The lesson every entrepreneur still needs to learn from the Great Recession

Courtesy of AppDirect

The Leadership Insider network is an online community where the most thoughtful and influential people in business contribute answers to timely questions about careers and leadership. Today’s answer to the question “What do you look for in the ideal business partner?” is by Daniel Saks, co-CEO and co-founder of AppDirect.

One of the most important decisions a founder has to make when starting a business is whether to stand alone or work with a partner.

It’s no secret that getting a company off the ground isn’t an easy feat, particularly for first-time founders. Many advisors, investors and peers recommend sharing the responsibilities with a partner. While putting together a founding team with the right mixture of personalities, visions and work ethics is daunting, getting it right can not only mean the difference between success and failure, but can propel your company to the next level.

I’ve been friends with Nicolas Desmarais, my co-founder at AppDirect, for many years. Long before starting our company we would always brainstorm business ideas together. We used to look at the Fortune 500 and wonder how we could one day form a company with the same kind of lasting value and legacy. After graduating college in 2007, we talked about business leaders like John D. Rockefeller, Bill Marriott and Bill Gates, and realized that the businesses with the most enduring, long-term impact all placed emphasis on core values. These touchstones determined their relationships with team members, partners and customers, and helped guide them through times of change.

Founded in 2009, AppDirect is going strong and each day brings a new adventure. As co-CEOs, Nicolas and I manage the business together, and while our friendship is a factor in our successful partnership, we’ve identified a few key elements along the way that can be applied to any business relationship:

See also: The one mistake every company makes

Have a shared vision and values

In 2009, businesses on Main Street were struggling in the wake of the Great Recession, and it looked pretty bleak for entrepreneurs. Nicolas and I pictured a world where cloud solutions could be the great leveler, and our shared vision — helping other entrepreneurs succeed —has grown the company from two to nearly 400 employees who are as passionate about that vision as us. The core values we’ve established at AppDirect — including positive mental attitude and humility — came from our personal backgrounds and have governed the way we operate as a company.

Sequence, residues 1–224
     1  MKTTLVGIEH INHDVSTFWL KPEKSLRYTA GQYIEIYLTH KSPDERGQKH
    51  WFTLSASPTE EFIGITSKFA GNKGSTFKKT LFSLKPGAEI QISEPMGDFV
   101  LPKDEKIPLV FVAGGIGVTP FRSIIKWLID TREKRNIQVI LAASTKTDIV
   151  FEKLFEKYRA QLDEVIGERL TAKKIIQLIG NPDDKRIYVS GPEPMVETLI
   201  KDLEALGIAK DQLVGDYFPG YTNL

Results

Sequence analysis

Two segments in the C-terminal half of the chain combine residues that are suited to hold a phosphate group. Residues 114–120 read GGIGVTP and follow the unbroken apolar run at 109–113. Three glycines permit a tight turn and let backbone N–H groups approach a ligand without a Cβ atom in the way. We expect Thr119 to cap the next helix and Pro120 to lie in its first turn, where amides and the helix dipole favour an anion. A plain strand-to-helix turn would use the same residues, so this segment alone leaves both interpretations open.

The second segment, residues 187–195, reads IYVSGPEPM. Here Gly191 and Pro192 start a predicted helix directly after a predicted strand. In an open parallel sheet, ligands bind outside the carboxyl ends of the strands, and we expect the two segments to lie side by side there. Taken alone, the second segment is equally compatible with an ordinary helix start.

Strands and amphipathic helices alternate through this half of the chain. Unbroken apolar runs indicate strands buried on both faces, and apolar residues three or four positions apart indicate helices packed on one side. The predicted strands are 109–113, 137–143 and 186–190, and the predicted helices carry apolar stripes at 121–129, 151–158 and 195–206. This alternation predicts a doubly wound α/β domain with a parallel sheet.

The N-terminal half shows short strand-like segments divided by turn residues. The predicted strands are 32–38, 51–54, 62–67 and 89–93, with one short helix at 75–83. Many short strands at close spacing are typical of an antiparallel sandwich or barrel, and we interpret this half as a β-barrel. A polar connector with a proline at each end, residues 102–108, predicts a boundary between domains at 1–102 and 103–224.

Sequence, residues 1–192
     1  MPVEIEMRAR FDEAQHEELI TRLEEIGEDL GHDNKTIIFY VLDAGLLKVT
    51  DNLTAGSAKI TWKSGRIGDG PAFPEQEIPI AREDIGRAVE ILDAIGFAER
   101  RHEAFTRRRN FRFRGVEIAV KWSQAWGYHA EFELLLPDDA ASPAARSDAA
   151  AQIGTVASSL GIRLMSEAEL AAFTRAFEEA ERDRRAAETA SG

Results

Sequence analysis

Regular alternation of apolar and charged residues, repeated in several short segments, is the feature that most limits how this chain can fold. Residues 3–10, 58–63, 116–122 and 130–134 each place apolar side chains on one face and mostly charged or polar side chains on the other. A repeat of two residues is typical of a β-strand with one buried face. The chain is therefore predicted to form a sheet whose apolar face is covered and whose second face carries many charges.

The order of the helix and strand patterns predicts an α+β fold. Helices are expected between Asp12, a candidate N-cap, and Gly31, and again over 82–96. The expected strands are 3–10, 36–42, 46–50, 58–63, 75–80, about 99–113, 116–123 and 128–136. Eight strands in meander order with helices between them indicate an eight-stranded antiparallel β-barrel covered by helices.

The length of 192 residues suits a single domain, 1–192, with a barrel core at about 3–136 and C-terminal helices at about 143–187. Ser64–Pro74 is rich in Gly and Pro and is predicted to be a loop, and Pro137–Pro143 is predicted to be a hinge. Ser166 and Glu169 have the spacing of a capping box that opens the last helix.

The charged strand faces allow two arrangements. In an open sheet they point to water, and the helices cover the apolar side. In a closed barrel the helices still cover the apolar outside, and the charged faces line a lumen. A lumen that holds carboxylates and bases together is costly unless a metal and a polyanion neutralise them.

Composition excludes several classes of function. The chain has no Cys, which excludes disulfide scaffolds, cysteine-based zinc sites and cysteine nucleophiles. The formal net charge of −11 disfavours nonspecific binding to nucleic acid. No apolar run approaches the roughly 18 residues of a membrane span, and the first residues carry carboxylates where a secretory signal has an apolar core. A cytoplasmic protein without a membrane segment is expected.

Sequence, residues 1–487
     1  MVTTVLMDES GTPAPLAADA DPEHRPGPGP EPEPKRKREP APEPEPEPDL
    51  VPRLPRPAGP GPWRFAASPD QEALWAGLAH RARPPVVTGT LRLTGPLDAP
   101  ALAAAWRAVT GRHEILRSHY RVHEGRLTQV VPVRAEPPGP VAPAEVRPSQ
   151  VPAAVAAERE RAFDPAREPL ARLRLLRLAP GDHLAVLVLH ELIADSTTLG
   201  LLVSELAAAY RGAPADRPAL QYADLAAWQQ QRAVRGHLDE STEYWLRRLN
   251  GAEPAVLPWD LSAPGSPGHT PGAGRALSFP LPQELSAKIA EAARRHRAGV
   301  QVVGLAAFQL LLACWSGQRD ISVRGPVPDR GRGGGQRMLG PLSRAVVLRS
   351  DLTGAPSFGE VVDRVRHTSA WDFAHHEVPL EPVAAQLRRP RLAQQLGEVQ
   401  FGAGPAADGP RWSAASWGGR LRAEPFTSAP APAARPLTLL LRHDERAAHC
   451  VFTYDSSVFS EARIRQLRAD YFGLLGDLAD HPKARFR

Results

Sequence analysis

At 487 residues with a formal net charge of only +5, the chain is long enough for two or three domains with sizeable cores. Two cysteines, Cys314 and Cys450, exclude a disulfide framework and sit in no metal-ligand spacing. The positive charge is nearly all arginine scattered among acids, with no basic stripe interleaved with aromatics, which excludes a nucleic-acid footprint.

Divide and conquer responsibilities

Many of the great technology companies are either led by a products visionary or a sales visionary. Nicolas and I felt early on that it was critical to have a strong balance between the two because we wanted to create great technology, and still have the ability to scale worldwide. So he focuses on product engineering and design, and I focus on sales, business development and marketing. You’ll create a healthy, collaborative infrastructure if you each take on and understand specific responsibilities early on.

Embrace open and transparent communication

When Nicolas and I started AppDirect, we knew we had a strong foundation because we shared compatible and complimentary skillsets and passions. And of course, we knew a lot about each other’s personalities and temperaments. Work to open and honest communication. Even on occasions when you and your partner have different opinions about something, assume positive intent and a shared vision. That will allow you to arrive at whatever solution is best for the company.

See also: The real reason 65% of startups fail

Have each other’s backs

As founders, you’ll be incredibly busy and won’t always be in the same room at the same time. This can make day-to-day decision making challenging. However, knowing that any decision either of you makes is informed by your shared values and long-term vision for your company will create an underlying, mutual trust that you’ll always have each other’s interests — and the company’s interest — in mind.

Celebrate the wins and shrug off the losses

Starting a business is an immense effort with many ups and downs. It can be easy to dwell on the downs, especially in the beginning, but a great partner will encourage you to keep moving forward. When the victories come, even if they seem minor in the long run, make a point to celebrate as a team. It makes a difference to work with someone who can appreciate the positives as you go through this journey.

Read all responses to the Leadership Insider question: What do you look for in the ideal business partner?

Why you keep picking the wrong business partner by Tom Gimbel, CEO of the LaSalle Network.

Why friends make terrible business partners by Todd McKinnon, CEO of Okta.

What you need to know before choosing a business partnerby Clark Valberg, CEO of InVision.

Never pick a business partner based on their skills alone by Pau Sabria co-founder of Olapic.

Business lessons from Iraq: How to create a dynamic team by Chris Fussell, chief growth officer at McChrystal Group.

Dolby CMO: What Star Wars taught me about finding business partners by Bob Borchers, senior vice president and CMO at Dolby Laboratories.

The quickest way to sabotage your new business by Jim Yu, CEO of BrightEdge.

How to avoid picking the wrong business partner by Ryan Harwood, CEO of PureWow.

3 signs you need to ditch your business partner by William Craig, founder and president of WebpageFX.

The most important relationship you will make in your career by Nirav Tolia, CEO of Nextdoor.

Subscribe to Well Adjusted, our newsletter full of simple strategies to work smarter and live better, from the Fortune Well team. Sign up today.

Read More

Great ResignationClimate ChangeLeadershipInflationUkraine Invasion